Eagle County voters approve Gallagher relief for ambulance district
- Yes: 4,569 (61%)
- No: 2,930 (39%)
EAGLE — Eagle County Paramedics Services took its funding case to the voters Tuesday and got nearly $1 million in relief.
Early results from Tuesday’s voting had the issue passing with 4,519 (61%) votes in favor and 2,930 (39%) opposed.
The question sought voter approval for relief from the constraints of Colorado’s Gallagher Amendment. Passed in 1982, the amendment mandates that property tax collections are split between residential and non-residential property owners. Residential property taxes must be no more than 45% of collections across the state. Non-residential property owners pay 55% of the total.
But widespread residential construction along the Front Range has hit hard for Western Slope special districts. There isn’t enough non-residential tax base to cover the continual decline.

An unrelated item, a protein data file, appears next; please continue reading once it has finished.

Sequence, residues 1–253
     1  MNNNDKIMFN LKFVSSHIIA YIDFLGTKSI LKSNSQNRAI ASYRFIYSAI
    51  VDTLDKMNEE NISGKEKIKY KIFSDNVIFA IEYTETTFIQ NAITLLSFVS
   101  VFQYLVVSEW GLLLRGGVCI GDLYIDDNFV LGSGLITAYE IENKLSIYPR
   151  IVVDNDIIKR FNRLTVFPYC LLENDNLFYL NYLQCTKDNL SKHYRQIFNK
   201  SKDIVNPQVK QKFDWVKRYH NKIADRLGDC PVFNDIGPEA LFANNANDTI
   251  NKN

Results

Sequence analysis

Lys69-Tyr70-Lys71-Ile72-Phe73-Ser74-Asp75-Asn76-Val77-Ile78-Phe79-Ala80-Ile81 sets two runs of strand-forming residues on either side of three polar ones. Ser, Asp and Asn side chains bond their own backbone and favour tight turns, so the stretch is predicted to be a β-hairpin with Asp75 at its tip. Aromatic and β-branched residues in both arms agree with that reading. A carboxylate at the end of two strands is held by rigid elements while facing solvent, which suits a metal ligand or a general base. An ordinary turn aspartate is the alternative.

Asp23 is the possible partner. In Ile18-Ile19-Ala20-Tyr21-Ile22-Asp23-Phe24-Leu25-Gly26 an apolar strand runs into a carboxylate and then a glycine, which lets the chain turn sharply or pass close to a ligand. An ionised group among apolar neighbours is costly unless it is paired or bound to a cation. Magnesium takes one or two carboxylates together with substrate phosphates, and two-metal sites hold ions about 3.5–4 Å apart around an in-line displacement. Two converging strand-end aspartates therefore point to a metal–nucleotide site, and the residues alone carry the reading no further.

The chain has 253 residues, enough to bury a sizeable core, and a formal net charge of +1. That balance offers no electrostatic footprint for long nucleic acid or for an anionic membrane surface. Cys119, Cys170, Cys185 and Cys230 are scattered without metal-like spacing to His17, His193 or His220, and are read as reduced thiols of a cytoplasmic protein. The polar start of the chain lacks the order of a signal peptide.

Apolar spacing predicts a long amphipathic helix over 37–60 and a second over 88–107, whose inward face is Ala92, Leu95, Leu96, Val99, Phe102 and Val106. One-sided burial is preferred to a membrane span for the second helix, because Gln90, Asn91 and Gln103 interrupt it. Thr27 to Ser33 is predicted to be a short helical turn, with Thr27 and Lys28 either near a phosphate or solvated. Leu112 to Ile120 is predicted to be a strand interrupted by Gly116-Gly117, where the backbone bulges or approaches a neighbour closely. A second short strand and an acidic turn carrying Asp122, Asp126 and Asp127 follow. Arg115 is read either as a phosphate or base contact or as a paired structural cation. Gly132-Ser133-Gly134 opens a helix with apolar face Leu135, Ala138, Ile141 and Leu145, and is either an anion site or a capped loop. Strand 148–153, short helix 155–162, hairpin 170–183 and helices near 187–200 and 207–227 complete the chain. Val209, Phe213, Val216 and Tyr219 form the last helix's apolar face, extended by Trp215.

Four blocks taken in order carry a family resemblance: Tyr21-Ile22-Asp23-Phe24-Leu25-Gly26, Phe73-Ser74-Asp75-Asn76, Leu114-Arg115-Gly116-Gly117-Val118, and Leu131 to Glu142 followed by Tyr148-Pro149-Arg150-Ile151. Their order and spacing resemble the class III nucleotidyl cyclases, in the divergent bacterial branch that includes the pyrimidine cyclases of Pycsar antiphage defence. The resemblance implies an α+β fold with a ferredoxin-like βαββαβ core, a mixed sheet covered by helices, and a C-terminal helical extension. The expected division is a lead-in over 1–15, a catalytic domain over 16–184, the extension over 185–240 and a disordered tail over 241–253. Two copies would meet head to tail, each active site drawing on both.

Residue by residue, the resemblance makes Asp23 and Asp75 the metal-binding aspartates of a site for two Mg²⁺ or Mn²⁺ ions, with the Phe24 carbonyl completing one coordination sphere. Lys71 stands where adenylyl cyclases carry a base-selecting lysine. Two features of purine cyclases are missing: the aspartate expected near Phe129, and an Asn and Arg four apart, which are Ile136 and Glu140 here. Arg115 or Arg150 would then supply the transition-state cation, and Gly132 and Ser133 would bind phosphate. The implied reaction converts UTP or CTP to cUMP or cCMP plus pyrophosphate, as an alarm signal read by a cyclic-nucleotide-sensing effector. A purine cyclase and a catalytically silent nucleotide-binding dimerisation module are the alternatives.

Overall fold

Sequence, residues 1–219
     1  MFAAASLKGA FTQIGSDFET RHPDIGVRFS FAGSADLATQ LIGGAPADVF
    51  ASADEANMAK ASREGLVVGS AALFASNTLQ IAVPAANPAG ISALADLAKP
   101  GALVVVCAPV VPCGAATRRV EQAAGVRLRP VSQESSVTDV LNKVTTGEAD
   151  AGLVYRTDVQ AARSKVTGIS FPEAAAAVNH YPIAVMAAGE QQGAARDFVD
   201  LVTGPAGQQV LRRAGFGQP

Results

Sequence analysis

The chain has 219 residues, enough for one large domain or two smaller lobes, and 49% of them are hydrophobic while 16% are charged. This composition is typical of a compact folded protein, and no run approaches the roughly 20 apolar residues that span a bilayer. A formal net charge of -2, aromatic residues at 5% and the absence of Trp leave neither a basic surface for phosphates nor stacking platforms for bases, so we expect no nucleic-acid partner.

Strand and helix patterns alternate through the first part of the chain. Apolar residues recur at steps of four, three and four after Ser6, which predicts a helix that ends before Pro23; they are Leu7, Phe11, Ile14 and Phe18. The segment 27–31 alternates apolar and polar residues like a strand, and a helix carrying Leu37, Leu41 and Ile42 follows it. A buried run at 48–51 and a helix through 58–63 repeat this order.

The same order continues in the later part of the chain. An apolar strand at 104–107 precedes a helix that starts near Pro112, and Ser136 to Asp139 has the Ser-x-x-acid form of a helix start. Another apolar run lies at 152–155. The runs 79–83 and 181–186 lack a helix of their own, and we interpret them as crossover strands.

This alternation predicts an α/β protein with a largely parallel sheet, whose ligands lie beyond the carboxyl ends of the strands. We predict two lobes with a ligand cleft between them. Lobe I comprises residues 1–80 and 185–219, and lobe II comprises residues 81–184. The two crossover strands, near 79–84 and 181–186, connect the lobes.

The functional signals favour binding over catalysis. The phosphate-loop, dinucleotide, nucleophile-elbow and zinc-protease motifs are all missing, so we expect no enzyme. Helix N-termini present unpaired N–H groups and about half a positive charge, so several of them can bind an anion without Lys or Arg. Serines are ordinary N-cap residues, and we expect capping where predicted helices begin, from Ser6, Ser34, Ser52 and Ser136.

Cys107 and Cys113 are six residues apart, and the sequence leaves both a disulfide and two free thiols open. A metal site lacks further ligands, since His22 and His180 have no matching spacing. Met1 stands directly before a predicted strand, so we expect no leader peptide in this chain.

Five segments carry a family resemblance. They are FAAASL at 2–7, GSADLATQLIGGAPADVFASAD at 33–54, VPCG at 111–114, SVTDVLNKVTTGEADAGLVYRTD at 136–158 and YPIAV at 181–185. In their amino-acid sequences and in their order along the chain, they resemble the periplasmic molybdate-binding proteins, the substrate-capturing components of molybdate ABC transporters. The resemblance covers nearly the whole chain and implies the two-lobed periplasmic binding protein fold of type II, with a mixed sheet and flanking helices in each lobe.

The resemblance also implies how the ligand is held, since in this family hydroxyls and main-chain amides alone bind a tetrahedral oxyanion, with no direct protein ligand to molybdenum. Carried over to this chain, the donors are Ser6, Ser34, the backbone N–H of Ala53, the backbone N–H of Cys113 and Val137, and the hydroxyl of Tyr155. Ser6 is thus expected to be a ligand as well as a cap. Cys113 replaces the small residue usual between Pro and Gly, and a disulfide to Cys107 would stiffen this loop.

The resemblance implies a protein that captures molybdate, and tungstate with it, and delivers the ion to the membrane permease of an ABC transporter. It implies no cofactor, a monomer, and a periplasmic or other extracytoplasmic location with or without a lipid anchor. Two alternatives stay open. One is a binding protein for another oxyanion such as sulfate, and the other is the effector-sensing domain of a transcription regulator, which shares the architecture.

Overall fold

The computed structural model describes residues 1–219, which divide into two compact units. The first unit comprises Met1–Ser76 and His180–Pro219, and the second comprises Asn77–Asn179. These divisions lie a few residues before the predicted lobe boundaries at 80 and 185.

According to the ambulance district’s projections, the amendment provisions would have resulted in a potential annual loss of roughly $990,000 in revenue by 2022. That figure is even starker considering the district’s entire annual budget is $13 million.
“Obviously we are thankful to the voters for supporting us,” said Chris Montera, Eagle County Paramedics Services chief executive officer. “This allows us the ability to look and plan for the future and keep the funds the voters have already allowed us to have.”
Eagle County Paramedic Services is the latest rural special district in Colorado to ask voters for an exemption to the Gallagher requirements. Last year the Gypsum Fire Protection District and the Greater Eagle Fire Protection District asked for exemptions from the Gallagher Amendment.
With a pitched battle brewing in the state legislature over his signature “public option” health insurance bill (HB19-1004) from last session, state Rep. Dylan Roberts, D-Avon, is urging calm before the coming storm.